Tamarillo Industry Resurgence
The tamarillo industry is bouncing back with better techniques to manage the psyllid pest
In 2010 the tamarillo industry was on its knees from widespread tree deaths caused by a biosecurity incursion which was a combination of liberibacter, a bacteria, and a vector called the tomato/potato psyllid (TPP), a small winged insect. The pest pressure has now greatly reduced, the industry has recovered and lost trees have been replanted, along with large numbers of new tree plantings as a diversification option to kiwifruit and the threat of Psa. Now some tamarillo growers are organizing themselves into a producer co-operative to handle the fruit build-up and move into added-value product development.
The $2m tamarillo industry was devastated by the tomato/potato psyllid (TPP) and an associated bacterium, liberibacter, from 2008 to 2010. Orchards in the north of the North Island lost up to 90% of their trees, with routine losses of 30-50% of trees even when preventative spray programmes targeted the spread of TPP.
It was first detected around Pukekohe in tomatoes and potatoes in 2008, and the insect spread very rapidly to all growing areas during 2009 and 2010. This was a biosecurity breach, because previously TPP were only known to be causing problems in the US. Other countries remain free of the pest. TPP lives and reproduces on all plants from the Solanaceae family, including tomatoes, potatoes, capsicums, eggplant and such weeds as nightshade.
In the three summers since the worst outbreak the TPP pressure hasn’t been as great in the main growing areas (Far North, Whangarei and Bay of Plenty) and with preventative spray programmes resulting in reduced populations of TPP, the threat has been largely neutralized. However an export barrier remains to Australia because of the lack of a suitable fumigant that does not deteriorate the shelf life of the fruit being sent there. Australia does not have TPP/liberibacter. All NZ exports of tamarillo are now going to the US. Before TPP New Zealand’s annual tamarillo production was around 750 tonnes. This halved following the TPP outbreak but has now built back up to around 450 tonnes a year.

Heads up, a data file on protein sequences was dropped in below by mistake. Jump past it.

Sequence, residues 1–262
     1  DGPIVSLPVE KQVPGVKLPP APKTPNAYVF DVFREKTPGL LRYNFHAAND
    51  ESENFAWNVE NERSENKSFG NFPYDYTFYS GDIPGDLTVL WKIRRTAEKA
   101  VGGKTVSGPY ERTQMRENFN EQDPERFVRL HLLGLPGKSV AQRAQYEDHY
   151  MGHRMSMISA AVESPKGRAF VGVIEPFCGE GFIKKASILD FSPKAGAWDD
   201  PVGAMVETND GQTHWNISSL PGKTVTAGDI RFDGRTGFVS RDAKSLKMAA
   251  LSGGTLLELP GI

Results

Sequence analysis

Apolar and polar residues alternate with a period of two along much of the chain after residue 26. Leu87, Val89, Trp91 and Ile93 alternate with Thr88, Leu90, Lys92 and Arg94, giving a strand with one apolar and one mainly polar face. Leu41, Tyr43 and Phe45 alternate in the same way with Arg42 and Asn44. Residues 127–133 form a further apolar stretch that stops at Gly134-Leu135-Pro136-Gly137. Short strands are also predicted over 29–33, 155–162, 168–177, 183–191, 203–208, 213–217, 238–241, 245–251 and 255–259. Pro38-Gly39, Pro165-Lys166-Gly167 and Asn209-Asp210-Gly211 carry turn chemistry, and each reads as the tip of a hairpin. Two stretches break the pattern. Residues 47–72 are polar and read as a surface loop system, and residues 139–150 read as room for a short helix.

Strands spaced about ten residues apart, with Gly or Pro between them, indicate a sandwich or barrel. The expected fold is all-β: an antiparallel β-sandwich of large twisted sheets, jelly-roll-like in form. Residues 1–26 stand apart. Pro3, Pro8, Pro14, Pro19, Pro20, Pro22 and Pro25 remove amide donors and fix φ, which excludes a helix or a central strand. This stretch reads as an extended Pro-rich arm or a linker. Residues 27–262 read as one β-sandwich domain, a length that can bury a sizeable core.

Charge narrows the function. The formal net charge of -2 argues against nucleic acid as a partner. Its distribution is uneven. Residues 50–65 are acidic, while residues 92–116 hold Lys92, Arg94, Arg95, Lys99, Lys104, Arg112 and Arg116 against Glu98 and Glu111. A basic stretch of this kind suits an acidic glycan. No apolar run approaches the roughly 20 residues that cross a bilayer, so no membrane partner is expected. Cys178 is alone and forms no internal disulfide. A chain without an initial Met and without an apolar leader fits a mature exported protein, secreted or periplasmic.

Effective TPP control:
The summer-active TPP has been relatively scarce for the past three summers, except in the Gisborne region (where there are a lot of field tomatoes grown and large numbers of tamarillo tree losses are still being felt). Elsewhere tree losses up to 10% annually are sustainable, within the normal tree replacement rates. Even in unsprayed orchards there are not the TPP numbers seen in 2009 and 2010.
The Tamarillo Growers Association recommends an integrated pest management programme for TPP which includes a monitoring and recording process and spraying by rotating through three products: Movento/Oberon, Sparta and Avid. The last two are contact sprays and must be delivered under the leaves where the insects live. Careful use means no more than two or three sprays of one product at two-week intervals, so that by the time the second generation of insects has hatched, a different spray is being used. Both pest monitoring and active tree management (tree nutrition, pruning) are essential parts of the IPM programme. Preventative spraying where indicated must be kept up during summer because re-infestation can occur from a large number of host plants.
The tamarillo industry is expanding again with two key drivers: changing land use after PSA kiwifruit orchards have been cut out, and the high prices received for tamarillos for the past three years (when fruit volumes have been considerably reduced). The long-time large growers have replanted, using their own homegrown seedlings, often from older trees that appeared to be resistant to TPP/liberibacter. Newcomers have learned how to propagate their own seedlings or purchased them, and some very large plantings were done in Bay of Plenty and Far North. Tamarillo seedlings planted in October-December will bear fruit 16-18 months later, so there will be a big fruit volume increase in 2015.
TGA has 60 active growers and production is expected between 420 and 460t this year. TGA is aware that another 80,000 trees have been planted by new growers in the past two years and if they all survive to production it has the potential to double the annual crop.
A small number of the largest growers have formed the NZ Tamarillo Co-operative (Tam Co) for collective marketing, new packaging, promotion and new value-add uses. They are using one wholesaler and dealing with both supermarket chains, which have welcomed more structure in a small product group. Bright new point-of-sale material and pre-sale bagging of fruit have been introduced. Tam Co has also copyrighted Tiger Tams as a brand for good fruit which has mosaic virus markings on the outside, similar to marbled colours.
Co-op members are pooling fruit for large lines suitable for processing, freeze drying or pulping, because a shortage of process-grade fruit has hampered fruit, drink and food development containing tamarillos.
Tam Co is a separate organisation from the TGA.